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Objective 5.1: Configure Advanced/Multilevel Resource Pools

Back again with a new objective. This time we are going to go over Resource Pools. Over the course of the blog post we will cover the following points.

  • Describe the Resource Pool hierarchy
  • Define the Expandable Reservation parameter
  • Describe vFlash architecture
  • Create/Remove a Resource Pool
  • Configure Resource Pool attributes
  • Add/Remove virtual machines from a Resource Pool
  • Create/Delete vFlash Resource Pool
  • Assign vFlash resources to VMDKs
  • Determine Resource Pool requirements for a given vSphere implementation
  • Evaluate appropriate shares, reservations and limits for a Resource Pool based on virtual machine workloads

So jumping right in…

Describe the Resource Pool hierarchy

Whether you create additional pools or not, you already have a resource pool in your environment. That’s right, your original hosts whether by themselves or in a cluster make up a resource pool. So what is a resource pool? Well the official definition of a resource pool is: A logical abstraction for flexible management of resources. They can be used to partition available CPU and memory resources.

As mentioned before, whether you have a standalone host or DRS cluster, you have a resource pool. EVEN if it doesn’t show in your client. This is your root resource pool. Now you can create additional pools that further partition those resources from there. These are known as child resource pools. Depending on which pool you are talking about in reference to which pool, the relationship is familial. So the upstream pool is known as a Parent Resource pool and the downstream is known as the Child Resource pool. Continuing along in this family thing, if the pools are at the same level, they are known as Sibling Resource pools. A resource pool can contain child resource pools or virtual machines.

Define the Expandable Reservation parameter

So you have gone ahead and partitioned off resources. That’s great and you have officially been heralded as the savior of at least two different departments. The only issue is that one of the departments you have restricted the usage to, was the payroll department. At least occasionally, they may need a bit more resources-to make sure your check goes out on time. Since you don’t necessarily wish to have to answer every email when they need it, you would like a better way to occasionally give them more resources. Enter the expandable reservation check mark. Checking this button allows your resource pool to occasionally grab more resources, if they are available, from the parent resource pool. And once again, the peasants rejoiced.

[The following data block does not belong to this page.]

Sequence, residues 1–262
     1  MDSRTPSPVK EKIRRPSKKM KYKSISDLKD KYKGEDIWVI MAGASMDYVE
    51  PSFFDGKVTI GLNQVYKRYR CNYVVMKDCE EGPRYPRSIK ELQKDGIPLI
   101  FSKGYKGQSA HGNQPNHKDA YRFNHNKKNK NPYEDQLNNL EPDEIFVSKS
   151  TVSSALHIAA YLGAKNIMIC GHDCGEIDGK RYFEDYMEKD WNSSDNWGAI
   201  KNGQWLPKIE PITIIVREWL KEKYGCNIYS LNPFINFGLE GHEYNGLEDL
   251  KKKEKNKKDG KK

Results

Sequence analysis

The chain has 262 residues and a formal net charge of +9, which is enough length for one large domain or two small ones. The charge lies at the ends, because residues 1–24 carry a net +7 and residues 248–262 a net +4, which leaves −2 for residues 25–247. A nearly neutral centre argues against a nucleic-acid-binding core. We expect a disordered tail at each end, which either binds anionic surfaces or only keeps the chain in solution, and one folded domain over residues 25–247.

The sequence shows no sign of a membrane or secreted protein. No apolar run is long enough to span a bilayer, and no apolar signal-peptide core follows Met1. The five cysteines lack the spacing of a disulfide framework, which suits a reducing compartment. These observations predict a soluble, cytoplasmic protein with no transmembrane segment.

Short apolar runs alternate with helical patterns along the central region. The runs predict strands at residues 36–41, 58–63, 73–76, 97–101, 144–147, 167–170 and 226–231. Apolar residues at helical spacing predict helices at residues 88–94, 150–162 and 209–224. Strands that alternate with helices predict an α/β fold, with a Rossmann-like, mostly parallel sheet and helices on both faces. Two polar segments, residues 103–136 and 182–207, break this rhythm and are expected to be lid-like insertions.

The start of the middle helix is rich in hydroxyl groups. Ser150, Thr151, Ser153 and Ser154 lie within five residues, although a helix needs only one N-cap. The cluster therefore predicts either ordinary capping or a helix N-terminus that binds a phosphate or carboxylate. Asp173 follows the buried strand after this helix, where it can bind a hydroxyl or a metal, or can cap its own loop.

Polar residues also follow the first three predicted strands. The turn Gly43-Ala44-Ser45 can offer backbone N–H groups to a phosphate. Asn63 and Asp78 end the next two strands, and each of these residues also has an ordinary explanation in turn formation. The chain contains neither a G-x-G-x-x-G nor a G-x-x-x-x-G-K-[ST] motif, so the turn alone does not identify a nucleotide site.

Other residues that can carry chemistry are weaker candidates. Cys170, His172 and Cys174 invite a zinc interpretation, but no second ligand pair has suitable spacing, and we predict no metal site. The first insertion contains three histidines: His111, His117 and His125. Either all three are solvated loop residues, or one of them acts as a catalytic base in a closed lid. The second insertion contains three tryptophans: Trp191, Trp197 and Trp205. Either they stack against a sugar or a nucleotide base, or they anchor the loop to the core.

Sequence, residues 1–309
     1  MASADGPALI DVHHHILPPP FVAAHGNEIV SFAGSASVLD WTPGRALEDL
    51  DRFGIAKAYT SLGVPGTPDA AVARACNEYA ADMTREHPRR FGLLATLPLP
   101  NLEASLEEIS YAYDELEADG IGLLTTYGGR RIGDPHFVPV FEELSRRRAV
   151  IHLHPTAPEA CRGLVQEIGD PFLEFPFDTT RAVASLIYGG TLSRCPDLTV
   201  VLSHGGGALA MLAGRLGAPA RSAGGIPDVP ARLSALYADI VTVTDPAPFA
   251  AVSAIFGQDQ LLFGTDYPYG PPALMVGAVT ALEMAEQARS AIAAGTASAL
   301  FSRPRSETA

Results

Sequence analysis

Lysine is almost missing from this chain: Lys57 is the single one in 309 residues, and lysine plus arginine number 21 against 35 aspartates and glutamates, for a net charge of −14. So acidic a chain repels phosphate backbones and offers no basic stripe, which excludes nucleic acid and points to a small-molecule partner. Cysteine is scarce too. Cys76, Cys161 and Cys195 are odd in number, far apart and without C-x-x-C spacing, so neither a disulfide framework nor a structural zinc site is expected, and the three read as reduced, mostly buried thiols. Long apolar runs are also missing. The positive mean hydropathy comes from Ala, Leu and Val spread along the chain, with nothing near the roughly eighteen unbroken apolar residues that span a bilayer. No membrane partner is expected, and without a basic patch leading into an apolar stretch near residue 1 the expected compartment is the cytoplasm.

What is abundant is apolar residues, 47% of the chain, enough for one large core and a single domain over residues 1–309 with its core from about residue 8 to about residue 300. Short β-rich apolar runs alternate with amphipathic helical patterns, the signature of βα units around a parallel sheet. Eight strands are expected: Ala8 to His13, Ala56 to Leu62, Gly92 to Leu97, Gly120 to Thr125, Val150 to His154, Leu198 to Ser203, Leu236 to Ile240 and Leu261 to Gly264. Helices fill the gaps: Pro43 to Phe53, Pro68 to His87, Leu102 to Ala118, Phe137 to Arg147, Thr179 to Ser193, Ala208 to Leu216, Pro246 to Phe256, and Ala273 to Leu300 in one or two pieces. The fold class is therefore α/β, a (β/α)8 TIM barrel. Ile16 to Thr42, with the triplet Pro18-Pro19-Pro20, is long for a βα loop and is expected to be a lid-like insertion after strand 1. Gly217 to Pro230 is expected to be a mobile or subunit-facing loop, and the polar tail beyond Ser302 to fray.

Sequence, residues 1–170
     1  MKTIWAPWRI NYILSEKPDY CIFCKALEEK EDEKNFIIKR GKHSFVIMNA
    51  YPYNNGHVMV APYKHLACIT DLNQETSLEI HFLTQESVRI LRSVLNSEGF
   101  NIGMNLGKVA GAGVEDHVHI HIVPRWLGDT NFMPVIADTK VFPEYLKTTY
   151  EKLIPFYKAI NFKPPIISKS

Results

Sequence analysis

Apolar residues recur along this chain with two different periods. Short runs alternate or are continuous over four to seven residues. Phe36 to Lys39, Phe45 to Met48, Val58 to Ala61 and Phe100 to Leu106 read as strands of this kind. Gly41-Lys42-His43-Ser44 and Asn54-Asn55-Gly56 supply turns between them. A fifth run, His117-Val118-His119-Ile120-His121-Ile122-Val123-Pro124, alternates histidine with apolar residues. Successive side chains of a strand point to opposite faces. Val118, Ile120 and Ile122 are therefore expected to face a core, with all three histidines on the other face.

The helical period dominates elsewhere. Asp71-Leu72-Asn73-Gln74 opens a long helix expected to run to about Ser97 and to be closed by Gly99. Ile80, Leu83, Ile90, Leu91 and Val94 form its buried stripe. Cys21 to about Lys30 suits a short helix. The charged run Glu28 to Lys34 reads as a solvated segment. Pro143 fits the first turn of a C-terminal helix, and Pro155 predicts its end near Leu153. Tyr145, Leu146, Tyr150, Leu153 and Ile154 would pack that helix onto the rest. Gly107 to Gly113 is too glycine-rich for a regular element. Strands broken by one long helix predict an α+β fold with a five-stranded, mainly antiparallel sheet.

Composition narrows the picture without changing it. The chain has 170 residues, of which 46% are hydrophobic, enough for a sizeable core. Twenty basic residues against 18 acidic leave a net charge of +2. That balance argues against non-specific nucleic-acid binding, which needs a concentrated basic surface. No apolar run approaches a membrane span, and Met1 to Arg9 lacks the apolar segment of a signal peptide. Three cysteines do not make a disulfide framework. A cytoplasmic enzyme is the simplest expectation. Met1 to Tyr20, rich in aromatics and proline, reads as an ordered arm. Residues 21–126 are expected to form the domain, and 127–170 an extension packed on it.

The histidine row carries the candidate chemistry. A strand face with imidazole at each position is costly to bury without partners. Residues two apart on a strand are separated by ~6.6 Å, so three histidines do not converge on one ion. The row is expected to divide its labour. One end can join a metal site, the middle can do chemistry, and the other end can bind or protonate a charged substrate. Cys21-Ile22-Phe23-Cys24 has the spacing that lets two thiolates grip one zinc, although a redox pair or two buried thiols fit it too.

Describe vFlash architecture

Starting with version 5.5 a new architecture and vFlash setup started being used. This is now vSphere Flash Read Cache. The design is based off a framework made up of two parts:

  • vSphere Flash Read Cache Infrastructure
  • vSphere Flash Read Cache software

This architecture allows for the pooling of multiple Flash-based devices into a single consumable object, called a Virtual Flash Resource. This can be consumed and managed in the same way CPU and memory are done. So how does it work?

The vSphere Flash Read Cache infrastructure becomes the resource manager and broker for the consumption of the Virtual Flash Resources and also enforces admission control policies. The Flash resource is broken into two different pieces. Virtual Flash Host Swap Cache for VMware vSphere Hypervisor and Virtual Flash Read Cache for virtual machines.

The first object is used as one of the memory reclamation techniques. This replaces the previous tool, swap to SSD. The Hypervisor can use up to 4TB available for Swap Cache.

Virtual Flash Cache software is natively built into the hypervisor. This provides a mechanism for the VMs to use SSD directly to enhance the read portion of their operations, without having to modify anything inside the VM. The amount of cache space used is assigned on a per VMDK basis and only consumed when the machine is turned on. vSphere uses a filesystem called VFFS or VMware Flash File System.

Create/Remove a Resource Pool

In order to create a Resource Pool, we will need to:

  1. Navigate to the parent object where we will want to place the resource pool.
  2. Right Click on the object and select New Resource Pool
  3. Now you will need to assign it a name you can also specify how to divvy up the CPU or Memory resources of the parent
  4. Here you see the finished resource pool in native habitat

Kind of looks like a pie chart signifying cutting up a piece of the resources for you. To remove it, just right-click on the resource pool and delete.

Configure Resource Pool attributes